A charity has said the extent of Belfast’s homeless problem is not as bad as some have made out following the fourth death on the streets of the city in just four weeks.
Sandra Moore, chief executive of Belfast homeless charity The Welcome Organisation, claimed that all four of those who died had accommodation available to them.
A man thought to be his 50s died at a shop front on Belfast’s High Street on Wednesday evening.
Ms Moore said: “The gentleman died at about 8pm. One group engaged with him at 6pm and he was chatting and laughing. He was not a regular rough sleeper but he had underlying health issues.”
Ms Moore said “an intensive package of support” had been available to the man and that he did have a bed to go to.
“Three of those who died this year had underlying health issues. Each one of them was having support from other agencies.
“The first person who died, in his 30s, could have returned to his home at any time. His family were very proactive in encouraging him to come home.
“The second person died in a fast food restaurant. He was known to agencies. The third case was a man who died in his own flat. He was not a rough sleeper.”
Ms Moore’s organisation ran a 24/7 survey of Belfast over three months and found 42 people at risk of being on the street. Every one was being case managed by a multidisciplinary health and housing team.
“Putting a roof over someone’s head is not necessarily the solution. They do not necessarily have the social skills or capabilities to keep a house. Very often they need a package of support,” she added.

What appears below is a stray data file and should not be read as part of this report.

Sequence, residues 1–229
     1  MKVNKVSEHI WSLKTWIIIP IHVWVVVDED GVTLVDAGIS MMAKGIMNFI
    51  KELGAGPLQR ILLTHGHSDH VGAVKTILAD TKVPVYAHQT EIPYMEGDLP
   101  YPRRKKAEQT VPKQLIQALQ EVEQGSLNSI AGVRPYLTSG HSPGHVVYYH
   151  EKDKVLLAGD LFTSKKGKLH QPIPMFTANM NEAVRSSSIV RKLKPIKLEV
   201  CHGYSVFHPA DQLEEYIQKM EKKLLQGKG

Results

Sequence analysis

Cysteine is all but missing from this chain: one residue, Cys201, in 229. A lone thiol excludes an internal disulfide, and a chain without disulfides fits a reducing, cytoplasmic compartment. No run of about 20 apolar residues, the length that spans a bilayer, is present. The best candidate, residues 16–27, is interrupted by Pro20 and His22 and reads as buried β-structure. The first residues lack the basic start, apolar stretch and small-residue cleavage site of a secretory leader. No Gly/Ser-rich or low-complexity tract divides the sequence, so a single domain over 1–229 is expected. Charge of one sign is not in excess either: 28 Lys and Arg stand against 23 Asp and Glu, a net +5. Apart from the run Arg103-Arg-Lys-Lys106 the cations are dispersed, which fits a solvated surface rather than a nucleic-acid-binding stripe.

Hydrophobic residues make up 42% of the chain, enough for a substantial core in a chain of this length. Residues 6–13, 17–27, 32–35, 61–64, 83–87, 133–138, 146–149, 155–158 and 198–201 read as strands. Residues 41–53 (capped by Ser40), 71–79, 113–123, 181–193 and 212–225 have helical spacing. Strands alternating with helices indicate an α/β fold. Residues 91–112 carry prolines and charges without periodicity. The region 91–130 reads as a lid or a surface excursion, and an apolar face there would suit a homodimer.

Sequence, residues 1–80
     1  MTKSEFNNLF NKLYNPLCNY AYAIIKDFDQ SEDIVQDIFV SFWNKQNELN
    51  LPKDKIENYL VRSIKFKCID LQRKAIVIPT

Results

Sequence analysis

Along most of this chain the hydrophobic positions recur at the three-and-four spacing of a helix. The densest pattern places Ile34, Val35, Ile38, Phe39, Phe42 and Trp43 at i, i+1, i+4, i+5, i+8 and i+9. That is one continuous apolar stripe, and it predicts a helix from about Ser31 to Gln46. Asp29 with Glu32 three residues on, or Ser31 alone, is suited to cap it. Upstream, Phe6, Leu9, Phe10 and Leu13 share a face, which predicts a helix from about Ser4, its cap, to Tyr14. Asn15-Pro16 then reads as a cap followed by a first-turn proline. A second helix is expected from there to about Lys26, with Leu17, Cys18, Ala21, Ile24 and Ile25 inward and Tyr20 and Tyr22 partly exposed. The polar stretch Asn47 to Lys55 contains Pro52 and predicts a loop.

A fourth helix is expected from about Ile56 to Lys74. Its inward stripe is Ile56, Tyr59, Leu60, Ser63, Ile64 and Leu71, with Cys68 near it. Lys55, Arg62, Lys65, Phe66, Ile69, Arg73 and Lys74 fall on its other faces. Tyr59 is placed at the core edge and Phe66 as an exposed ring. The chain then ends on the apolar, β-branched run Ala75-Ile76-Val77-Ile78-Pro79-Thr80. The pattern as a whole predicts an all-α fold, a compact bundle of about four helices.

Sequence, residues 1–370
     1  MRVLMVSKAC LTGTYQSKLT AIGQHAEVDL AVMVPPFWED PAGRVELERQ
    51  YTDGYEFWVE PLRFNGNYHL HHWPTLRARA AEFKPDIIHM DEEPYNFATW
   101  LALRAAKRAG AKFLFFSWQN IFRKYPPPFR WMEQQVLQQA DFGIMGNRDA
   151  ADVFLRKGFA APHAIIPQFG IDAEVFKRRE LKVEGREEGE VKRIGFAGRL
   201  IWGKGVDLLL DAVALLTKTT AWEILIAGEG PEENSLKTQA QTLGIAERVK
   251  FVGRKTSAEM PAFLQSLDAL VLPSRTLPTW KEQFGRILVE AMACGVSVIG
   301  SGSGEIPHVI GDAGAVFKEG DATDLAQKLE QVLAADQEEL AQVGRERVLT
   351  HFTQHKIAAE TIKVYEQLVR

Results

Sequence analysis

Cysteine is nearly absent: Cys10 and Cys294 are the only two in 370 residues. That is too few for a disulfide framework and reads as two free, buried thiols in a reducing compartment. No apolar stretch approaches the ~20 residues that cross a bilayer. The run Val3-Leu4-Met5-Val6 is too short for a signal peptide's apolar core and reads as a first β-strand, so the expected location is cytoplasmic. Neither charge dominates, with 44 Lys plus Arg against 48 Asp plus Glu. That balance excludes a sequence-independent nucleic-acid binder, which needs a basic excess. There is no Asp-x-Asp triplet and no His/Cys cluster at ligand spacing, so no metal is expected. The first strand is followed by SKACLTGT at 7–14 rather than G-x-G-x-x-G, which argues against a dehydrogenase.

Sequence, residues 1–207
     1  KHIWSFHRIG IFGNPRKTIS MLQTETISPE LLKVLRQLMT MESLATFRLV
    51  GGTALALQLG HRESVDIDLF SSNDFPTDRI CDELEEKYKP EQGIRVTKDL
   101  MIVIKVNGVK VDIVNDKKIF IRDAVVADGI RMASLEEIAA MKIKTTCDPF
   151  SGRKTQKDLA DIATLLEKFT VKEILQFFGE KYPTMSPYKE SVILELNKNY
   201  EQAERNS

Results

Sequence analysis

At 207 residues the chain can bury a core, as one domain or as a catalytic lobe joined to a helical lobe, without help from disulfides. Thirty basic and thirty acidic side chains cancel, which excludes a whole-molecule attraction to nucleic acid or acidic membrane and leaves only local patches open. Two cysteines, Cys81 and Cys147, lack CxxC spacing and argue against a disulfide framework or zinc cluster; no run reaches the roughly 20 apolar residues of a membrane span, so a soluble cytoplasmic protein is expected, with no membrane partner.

Ms Moore said: “There is a myth that the streets are awash with rough sleepers, but they are in single figures on any given night. There are actually more homeless organisations than rough sleepers.”
She added: “We need to find out why these people choose to be on the street. One scheme being used in London is very assertive. It encourages and supports rough sleepers to access shelter.”
Donna Connor from Hope Outreach for the Homeless said the man who died this week was known as ‘Roy’.
“He was a very quiet man who was very well educated and didn’t drink. The only thing he would have taken off us was a cup of tea.”
Mrs Connor believes Roy ended up on the street “because of a relationship breakdown”.
“He had a bit of a chesty cough, but he put it down to a smoker’s cough,” she added.
Alderman Patrick Convery said the Housing Executive has accommodation for everyone.
He said agencies need to work together more closely in order to assist the homeless, but warned that in some instances mental health issues may make it difficult for people to recognise their needs.